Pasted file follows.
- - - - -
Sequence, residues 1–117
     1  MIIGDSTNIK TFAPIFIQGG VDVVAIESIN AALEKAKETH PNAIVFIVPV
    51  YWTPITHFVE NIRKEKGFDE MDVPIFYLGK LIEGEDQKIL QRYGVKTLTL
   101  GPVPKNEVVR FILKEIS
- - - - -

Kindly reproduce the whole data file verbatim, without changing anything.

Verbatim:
Sequence, residues 1–117
     1  MIIGDSTNIK TFAPIFIQGG VDVVAIESIN AALEKAKETH PNAIVFIVPV
    51  YWTPITHFVE NIRKEKGFDE MDVPIFYLGK LIEGEDQKIL QRYGVKTLTL
   101  GPVPKNEVVR FILKEIS